A strength that was not identified by the students in the initial analysis of family assessment data was the influence of participation in the health-mentoring project on the health of the families. However, when students returned to the assessment data they discovered that a number of health issues that had been identified early in the assessment process by the families had been, or were starting to be, addressed simply through the family’s involvement with the project. For instance, one of the fathers had finally sought treatment for a long-standing cardiac condition, while one of the mothers had established a regular exercise programme.
The women’s group did, however, recognise the influence of participation in the project on the women individually and as a group. In working with the students on the health assessments the mothers gained acknowledgement of their extensive knowledge of their family’s health and the skills they utilised to maintain their health. Being involved in the processes of mentoring and action research facilitated realisation of their own strengths, as seen in this comment from one mother:
‘I now recognise that I do have valuable input and withmy skills will be an asset for voluntary groups, etc.’
The mothers were also less bothered by their ‘failings’, exemplified in the statement:
‘I don’t feel guilty if I haven’t worked at my child’s OT [occupational therapy] or speech therapy.’ (Feedback from mother)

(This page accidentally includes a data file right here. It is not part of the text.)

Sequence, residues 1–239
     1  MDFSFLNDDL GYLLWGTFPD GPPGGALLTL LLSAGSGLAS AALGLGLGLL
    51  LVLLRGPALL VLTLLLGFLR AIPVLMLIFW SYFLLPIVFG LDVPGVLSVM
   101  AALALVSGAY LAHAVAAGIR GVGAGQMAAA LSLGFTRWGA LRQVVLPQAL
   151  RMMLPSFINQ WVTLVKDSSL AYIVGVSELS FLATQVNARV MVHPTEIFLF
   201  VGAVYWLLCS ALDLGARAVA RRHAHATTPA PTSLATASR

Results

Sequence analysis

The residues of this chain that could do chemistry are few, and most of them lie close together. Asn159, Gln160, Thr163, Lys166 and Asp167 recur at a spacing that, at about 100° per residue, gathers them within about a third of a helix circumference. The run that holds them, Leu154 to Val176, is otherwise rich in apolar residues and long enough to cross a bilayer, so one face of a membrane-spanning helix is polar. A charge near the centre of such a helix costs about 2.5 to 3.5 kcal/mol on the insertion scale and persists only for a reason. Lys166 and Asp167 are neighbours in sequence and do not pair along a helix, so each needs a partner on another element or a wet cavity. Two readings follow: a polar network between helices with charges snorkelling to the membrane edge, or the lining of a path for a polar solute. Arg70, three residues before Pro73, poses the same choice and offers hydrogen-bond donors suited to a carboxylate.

This highlights the capacity to enhance their own health that lies untapped in families and also the effectiveness of mentoring in creating space for families to bring their health into the foreground of awareness.
The collated information about family health, priority health goals and suggested health promotion strategies was presented to the individual families and discussed in meetings with students, families and the academics. Once goals were determined and strategies to achieve them were agreed upon, students prepared a health education package for each family. This included health education information and health promotion guidelines to empower the family to address health problems and enhance strengths.
Health issues addressed included physical problems, such as exhaustion, lack of restful sleep, smoking, back care, and psychosocial problems, including low selfesteem and feelings around grief and depression. The content of the information folders was extensive but individualised to the particular family. However, some information was generic. For example, all families requested health education information about back care. The information provided in the folder included a vignette or data illustrating the issues around back care for the family; some information about causes of back pain and general prevention strategies; suggested management strategies, such as physiotherapy, massage, exercise, home and functional assessment; contact details for relevant health professionals and agencies; a list of websites; information sheets; and a list of useful readings.